ctrl + z
ctrl + c
ctrl + v

… and then !!? ctrl + x … yesss? you use only these ones? and you call yourself a programmer? are you telling me that you navigate those strange menus File .. Edit ..? Amazing!!

Since I have been developing in Java for a long time I will be talking about my favorite IDE Eclipse, for sure other IDE’s will be almost the same, and provide almost identical functionality. I will provide some examples that could increase your efficiency, note that there are many shortcuts to do things in eclipse and its impossible to cover all of them, in a blog post, I will write about the ones I use in another post.

the idea is simple, avoid using the mouse as much as possible, moving your hands from the keyboard to hold the mouse wastes a lot of time (you have to glue your hands with your keyboard), I suggest finding a shortcut combination to do whatever thing you are trying to do using the mouse.

suppose you have a variable named sum1 and you decided to change its name to something more meaningful such asprofit you can either change it by hand all over the source code, and may be by mistake introduce new bugs if you didn’t pay attention to the correct scopes, this operation will take around 1 minute of your life (yes its a big source code, andsum1 is used everywhere), or you could place the cursor on the variable sum1 press ctrl + 1 and choose rename in fileand eclipse will do the rest, and you will be pretty sure that no new bugs where introduced. What did you say? …right, you could use a simple find and replace operation, do you think it will work? will it cause some mysterious bugs? think about it.

another simple but common example, suppose you have a code like this one:

doSomeStuff();“some logging information”);

and for some reason you decided that you have to log the information before calling the doSomeStuff() routine, in other words the source code should become like this:“some logging information”);

Piece of cake you:

1. select the line doSomeStuff() either by mouse or using the keyboard.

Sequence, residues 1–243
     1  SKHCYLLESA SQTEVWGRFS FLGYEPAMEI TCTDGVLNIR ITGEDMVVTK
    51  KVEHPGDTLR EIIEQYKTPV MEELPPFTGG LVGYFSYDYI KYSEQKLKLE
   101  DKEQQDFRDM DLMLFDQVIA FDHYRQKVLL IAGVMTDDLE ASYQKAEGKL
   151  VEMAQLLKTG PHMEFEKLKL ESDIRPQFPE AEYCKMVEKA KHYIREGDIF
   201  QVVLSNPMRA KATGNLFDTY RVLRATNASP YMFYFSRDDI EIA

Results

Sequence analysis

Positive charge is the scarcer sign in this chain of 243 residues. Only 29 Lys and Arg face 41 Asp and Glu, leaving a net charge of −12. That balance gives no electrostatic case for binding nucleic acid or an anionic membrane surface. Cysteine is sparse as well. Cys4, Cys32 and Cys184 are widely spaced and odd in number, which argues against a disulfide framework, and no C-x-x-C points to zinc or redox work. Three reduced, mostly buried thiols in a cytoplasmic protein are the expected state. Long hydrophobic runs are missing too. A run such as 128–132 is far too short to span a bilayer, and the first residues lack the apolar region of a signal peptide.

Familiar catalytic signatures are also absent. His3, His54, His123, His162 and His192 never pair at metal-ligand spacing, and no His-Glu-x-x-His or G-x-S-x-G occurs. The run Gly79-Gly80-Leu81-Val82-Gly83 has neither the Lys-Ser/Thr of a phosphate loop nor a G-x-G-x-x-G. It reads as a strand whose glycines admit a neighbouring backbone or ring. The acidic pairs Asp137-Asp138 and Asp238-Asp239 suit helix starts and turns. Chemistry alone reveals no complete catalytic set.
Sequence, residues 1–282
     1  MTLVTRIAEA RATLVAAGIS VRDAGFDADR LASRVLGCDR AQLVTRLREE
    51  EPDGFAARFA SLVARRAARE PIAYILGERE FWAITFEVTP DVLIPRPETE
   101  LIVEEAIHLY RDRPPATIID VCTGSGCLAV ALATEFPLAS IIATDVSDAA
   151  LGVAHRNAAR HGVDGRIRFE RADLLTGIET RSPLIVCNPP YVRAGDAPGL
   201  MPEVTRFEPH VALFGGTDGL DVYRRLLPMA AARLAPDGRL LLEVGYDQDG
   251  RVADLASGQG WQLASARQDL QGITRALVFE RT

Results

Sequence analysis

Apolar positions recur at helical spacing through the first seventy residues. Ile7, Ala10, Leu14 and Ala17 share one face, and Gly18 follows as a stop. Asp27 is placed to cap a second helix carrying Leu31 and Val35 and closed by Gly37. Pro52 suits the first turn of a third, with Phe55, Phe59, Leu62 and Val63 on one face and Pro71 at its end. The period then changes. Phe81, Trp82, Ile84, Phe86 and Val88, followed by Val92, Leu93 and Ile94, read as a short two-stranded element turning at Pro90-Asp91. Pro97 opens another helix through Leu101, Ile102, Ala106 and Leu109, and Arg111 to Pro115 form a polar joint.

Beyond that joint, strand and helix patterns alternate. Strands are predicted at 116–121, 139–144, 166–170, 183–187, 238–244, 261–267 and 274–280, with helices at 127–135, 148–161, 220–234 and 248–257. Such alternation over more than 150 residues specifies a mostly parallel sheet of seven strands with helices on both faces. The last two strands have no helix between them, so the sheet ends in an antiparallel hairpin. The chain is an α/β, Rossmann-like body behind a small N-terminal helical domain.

2. cut this line either by mouse, or using the command ctrl + x.
3. place the cursor below the line containing
4. paste either using the mouse, or using the command ctrl + v.

Yes you finally did it you slow turtle, however if you knew some shortcuts you could have easily placed the cursor on thedoSomeStuff() line (without highlighting anything) and pressed alt + arrow down and thats it. Right now you may be saying what the hell is he talking about!, to answer you, let us make some calculations on how many buttons you just pressed:

1. select the line doSomeStuff(). [move cursor to beginning of the line][shiftend]
2. cut this line. [ctrlx]
3. place the cursor below the line containing [arrow down]
4. paste the line. [ctrl + v]

Total number of buttons pressed is 7 however using the second method the total number of buttons pressed is 2 which makes us 28.5% faster, this could be a difference of half a second only, but as I said repeating the same thing all the day will really make a difference.

These are just two simple examples, there are hundreds of other situations that can be optimized, especially when you are doing re-factoring, such as extracting a code block to a new method, move a method from a child class to its super class, formatting source code, finding the closing curly bracket ( } ) of a big while loop, commenting and uncommenting a block of code, automatic code generation, and many others. My suggestion is to take a look at the preferences of your favorite IDE and try to memorize as much keyboard shortcuts as possible since they will increase your coding efficiency, and decrease the number of bugs you could introduce by mistake when writing things by hand. You don’t have to memorize everything at once, make it something incremental, every time you are up to do some operation think if you could find a shortcut to do it and learn it, after one or two months you will notice a big difference, when I started learning shortcuts I printed them on a piece of paper and attached it on the wall in front of me, so that I could find whatever shortcut I needed very quickly.

One last thing, these are things that can increase your speed, however before writing code programers have to think how they will solve a given problem, and this depends on your own way of thinking, and experience, and I am sorry but I can’t help on this one, just like a carpenter, he can have the best tools in the world, but if the talent is missing no matter how good your tools are you will not be that efficient, and this is what really distinguish pragmatic programmers from normal ones.

I suggest reading this book The Pragmatic Programmer by Andrew Hunt & David Thomas